Five Years of Travels
In winter 2010 we wrote the first post in Travels in the Wardrobe, about weather from a 'global' viewpoint .Today, when our magazine celebrates five years, the thought that emerged from the first post still seems to us relevant. In 2010, we discussed the meteorological differences between Israel and the West which influence the dressing style and the local culture. The tension between the local and the global characterizes many cultural phenomena in Israel, which tries to establish a Western-inspired culture in the south-east basin of the Mediterranean, turning its back to the Muslim space in the region.
We have recently seen some forced attempts in Israeli fashion to refer to the geographical vicinity by appropriating and imitating local dress. The highlight was the jalabyiah trend, and the appearance of ceffiah textiles in fashion. But often the outcome seemed more like a commercial gimmick that appropriates Palestinian cultural symbols without entering in dialogue or offering a new challenging interpretation.
The weather invites us to think also about the damages that we, citizens of the world, cause to nature by living irresponsibly, consuming and wasting natural resources.
The problem is not only physical-ecological but also moral. The modern lifestyle does not encourage criticism, least of all against the global fast fashion corporations that ship garments from faraway places while polluting the environment and undermining people's human and labor rights.
The global corporations have weakened the working class in the western world as well. The fast fashion companies produce garments that last a season – four months? – but will take 400 years to recycle. Should we keep our eyes shut and focus only on the low price? How long will the fast fashion industry continue to disown its destructive moral, economic and ecological outcomes? In our articles, we set a mirror in front of fashion consumers, and encourage a return to slow, ecologic and considerate fashion.
Fast fashion has also shaken the values of honesty and truth that should set the motor of fashion design. Fashion designers like Raf Simons have protested against the impossibly fast pace imposed by the fashion corporations, which undermines real aesthetic research and stifles the power of designers to make a change in society.
We hope that our weekly post, encouraging independent and radical thought, will continue to influence even beyond what we've reached over the last five years. We hope that more writers and media editors will join us in writing about the themes that matter. Fashion journalism in Israel tends to laziness, immediate profit and easiness by simply copying PR briefs. But at its best, fashion journalism can influence readers to take a position and make a social, economic and aesthetic change in the way Israeli fashion is created and branded.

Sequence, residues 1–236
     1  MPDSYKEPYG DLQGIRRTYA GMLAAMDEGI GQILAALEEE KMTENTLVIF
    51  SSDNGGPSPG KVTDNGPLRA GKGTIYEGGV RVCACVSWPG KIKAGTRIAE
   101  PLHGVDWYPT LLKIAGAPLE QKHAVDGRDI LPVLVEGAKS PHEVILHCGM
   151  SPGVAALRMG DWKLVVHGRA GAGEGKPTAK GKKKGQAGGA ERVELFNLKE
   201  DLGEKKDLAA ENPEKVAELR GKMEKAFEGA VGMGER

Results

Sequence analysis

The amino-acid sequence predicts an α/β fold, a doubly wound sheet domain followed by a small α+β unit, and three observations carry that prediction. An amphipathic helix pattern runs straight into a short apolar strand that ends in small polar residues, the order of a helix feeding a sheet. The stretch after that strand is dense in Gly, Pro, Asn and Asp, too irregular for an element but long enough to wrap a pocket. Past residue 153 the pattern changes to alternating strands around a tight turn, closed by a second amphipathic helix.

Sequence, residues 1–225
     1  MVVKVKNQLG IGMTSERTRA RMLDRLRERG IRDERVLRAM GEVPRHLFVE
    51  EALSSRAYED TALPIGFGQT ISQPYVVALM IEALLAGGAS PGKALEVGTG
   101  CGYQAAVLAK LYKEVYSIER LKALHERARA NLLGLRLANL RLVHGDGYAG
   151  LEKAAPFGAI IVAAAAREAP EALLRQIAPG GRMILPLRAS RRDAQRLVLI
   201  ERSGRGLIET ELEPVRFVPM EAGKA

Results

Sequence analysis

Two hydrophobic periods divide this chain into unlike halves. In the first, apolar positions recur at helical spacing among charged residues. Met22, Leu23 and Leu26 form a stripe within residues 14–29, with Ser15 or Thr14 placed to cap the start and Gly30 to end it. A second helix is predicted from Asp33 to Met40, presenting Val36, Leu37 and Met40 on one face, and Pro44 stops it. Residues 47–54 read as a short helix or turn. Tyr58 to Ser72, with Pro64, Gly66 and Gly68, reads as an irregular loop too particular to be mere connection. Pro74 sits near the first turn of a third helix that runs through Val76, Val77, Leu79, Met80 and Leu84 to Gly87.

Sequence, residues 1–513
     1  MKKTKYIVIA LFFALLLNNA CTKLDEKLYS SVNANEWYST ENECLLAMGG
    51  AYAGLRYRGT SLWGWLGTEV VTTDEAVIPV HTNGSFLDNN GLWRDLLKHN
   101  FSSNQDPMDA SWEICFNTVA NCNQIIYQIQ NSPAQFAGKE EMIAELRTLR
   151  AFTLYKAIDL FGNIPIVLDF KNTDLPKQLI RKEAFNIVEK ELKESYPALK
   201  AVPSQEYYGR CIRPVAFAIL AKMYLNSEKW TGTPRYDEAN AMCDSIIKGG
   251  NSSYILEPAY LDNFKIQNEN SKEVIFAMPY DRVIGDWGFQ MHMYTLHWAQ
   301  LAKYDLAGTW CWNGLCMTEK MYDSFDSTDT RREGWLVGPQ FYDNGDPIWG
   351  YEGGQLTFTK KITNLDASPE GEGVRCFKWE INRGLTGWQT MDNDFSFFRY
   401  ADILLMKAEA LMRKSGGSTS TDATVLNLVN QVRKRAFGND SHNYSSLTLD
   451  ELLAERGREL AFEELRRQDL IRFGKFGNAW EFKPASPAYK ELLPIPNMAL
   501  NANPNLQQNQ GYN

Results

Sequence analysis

We were happy to read in the past year condemnations of the wide spread system of gifts, flights, and other benefits that fashion brands pour over writers and bloggers in the hope – and expectation – to get positive coverage. To this one may add the close connection between the commercial sections of the newspapers, responsible for selling ads, and the editorial sections. However, not all fashion designers and creators accept these conditions. We are happy to be part of them. We insist not to produce our garment in faraway lands to lower the cost, but keep production local, in Tel Aviv, from quality materials.
In Travels in the Wardrobe there is no place for publicity and interests. we are happy to publish a fashion magazine with quality and horizon-widening content, without any banners or ads. Like in our fashion design, also in the magazine we want to lead an awareness shift, based on honesty and truthfulness, in protest against exploitative capitalism that undermines beauty, quality and design in fashion, rendering the clothing industry an alienated global commercial monster.
A journey between fashion and food
In today’s world, everything seems to revolve around food. In our global age, we see food in many local and international tv programmes. The social media is full of recipes, and chefs are the new celebrities. The excitement around food grew even further when it became the theme of the Expo 2015 in Milan.
We think that there is much in common between food and fashion: in both worlds there are many trends, lots of Public Relations, and little high-quality raw material.